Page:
Joseph Weidman gave his 1937 novel I Can Get It for You Wholesale a great title, and Hollywood ran with it, attaching it to Michael Gordon’s very different film from Abraham Polonsky’s odd script. The changes in gender and ethnicity from Harry Bogen to Harriet Boyd account for some of the softening of Weidman’s book about a sexist, anti-Semitic Jew in New York’s garment district; but the lion’s share of difference, surely, can be attributed to the transplanted time frame. The thirties Depression underscores Harry’s ruthless determination to deny kinship with the rest of his species as a means of survival, while the postwar boom absorbs the harsh edges of Harriet’s scheming rise from model to independent dress designer, making it all look a lot like laudable pluck. And with an extra dose of Susan Hayward’s awesomely curled fiery mane on display, albeit in black and white, one may be hard pressed to believe that the script is justified in finding such fault in Harriet’s dedicated, hardworking pursuit of wealth. I swear: Harriet’s sanctimonious mom seems to have gotten her bitch-switch stuck.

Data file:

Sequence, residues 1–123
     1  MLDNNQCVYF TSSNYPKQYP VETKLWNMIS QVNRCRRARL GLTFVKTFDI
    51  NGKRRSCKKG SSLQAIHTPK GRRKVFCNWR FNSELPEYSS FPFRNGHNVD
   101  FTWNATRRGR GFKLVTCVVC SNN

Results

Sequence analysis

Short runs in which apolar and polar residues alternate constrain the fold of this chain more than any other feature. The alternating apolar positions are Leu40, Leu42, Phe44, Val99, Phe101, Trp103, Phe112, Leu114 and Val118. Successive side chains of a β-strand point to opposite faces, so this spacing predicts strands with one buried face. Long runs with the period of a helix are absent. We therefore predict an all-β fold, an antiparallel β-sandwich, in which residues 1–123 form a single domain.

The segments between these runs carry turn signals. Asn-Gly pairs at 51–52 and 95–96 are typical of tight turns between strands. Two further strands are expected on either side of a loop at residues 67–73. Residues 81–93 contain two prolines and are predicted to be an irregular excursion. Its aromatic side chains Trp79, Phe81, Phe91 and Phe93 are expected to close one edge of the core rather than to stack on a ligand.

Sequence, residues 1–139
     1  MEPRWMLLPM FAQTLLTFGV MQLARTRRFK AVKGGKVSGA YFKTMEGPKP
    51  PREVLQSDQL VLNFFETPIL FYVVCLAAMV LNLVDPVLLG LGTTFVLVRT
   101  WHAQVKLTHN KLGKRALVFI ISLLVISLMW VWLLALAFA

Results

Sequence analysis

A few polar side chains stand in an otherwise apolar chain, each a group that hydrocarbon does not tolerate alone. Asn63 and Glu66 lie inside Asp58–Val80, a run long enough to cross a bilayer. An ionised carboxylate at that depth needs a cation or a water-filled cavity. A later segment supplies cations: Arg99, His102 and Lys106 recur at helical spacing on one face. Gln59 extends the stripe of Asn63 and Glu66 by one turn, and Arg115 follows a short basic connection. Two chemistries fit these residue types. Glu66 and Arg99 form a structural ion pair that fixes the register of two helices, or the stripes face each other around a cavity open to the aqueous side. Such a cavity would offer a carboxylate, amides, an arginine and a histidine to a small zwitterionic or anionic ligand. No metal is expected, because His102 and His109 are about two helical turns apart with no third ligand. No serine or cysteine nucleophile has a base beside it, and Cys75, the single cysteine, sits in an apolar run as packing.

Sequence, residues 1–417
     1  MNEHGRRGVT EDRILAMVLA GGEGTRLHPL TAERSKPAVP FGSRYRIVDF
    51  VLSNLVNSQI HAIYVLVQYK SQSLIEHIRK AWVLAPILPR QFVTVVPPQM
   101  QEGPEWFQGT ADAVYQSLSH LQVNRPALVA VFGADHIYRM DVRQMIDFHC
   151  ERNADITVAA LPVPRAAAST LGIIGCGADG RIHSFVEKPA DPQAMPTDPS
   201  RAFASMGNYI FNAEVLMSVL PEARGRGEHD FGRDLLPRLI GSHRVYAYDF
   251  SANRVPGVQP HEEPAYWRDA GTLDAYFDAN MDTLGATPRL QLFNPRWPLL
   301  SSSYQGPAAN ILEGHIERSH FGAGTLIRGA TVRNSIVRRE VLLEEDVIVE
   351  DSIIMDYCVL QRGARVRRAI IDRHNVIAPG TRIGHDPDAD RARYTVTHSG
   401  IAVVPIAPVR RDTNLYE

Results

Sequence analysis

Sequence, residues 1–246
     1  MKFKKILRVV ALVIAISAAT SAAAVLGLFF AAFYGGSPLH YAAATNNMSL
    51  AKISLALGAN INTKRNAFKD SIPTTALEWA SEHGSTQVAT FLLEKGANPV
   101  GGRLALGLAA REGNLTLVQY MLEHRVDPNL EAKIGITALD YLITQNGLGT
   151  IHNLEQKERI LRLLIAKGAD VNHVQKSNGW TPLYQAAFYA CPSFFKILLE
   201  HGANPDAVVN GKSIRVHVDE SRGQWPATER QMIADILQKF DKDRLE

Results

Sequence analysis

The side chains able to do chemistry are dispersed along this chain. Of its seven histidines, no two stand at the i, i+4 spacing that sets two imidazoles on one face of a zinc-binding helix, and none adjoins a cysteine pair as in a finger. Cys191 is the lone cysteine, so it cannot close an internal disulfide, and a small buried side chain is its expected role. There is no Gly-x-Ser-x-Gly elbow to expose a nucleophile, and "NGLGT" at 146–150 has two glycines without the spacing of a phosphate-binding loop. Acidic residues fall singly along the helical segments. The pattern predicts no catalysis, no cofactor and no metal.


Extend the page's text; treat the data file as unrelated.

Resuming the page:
Here is one of those Hollywood films that tries to have everything every possible way. For each glint of socioeconomic criticism there is an equally bright glint of posh complacency. It is impossible to know where the film ultimately stands because it is a strikingly orchestrated, undeniably entertaining piece of balanced positions and dueling compromises. Harry’s sleaze has vanished into Hayward’s interior battle between career ambition and essential decency.
As Harriet, Hayward is alternately slack and radiant, riveting and dull; as Harriet’s production-end partner, Sam Jaffe woundedly compensates for the film’s general purge of Jewishness from setting and action; as the ruler of the reigning fashion house who wants to make Harriet his queen, George Sanders gives the best and certainly the most subtle performance—and Dan Dailey as Harriet’s sales-end partner who wants to marry her? The year before, Daily was plain wonderful in John Ford’s When Willie Comes Marching Home (1950). Here, he is as dreadful as Harriet’s Charles Le(Night)Maire gowns.
Adapting his novel for real, Weidman wrote the book for the 1962 Broadway musical that made a man again of the protagonist, played by Elliott Gould, but is best remembered for you-know-who’s supporting role as Miss Marmelstein.
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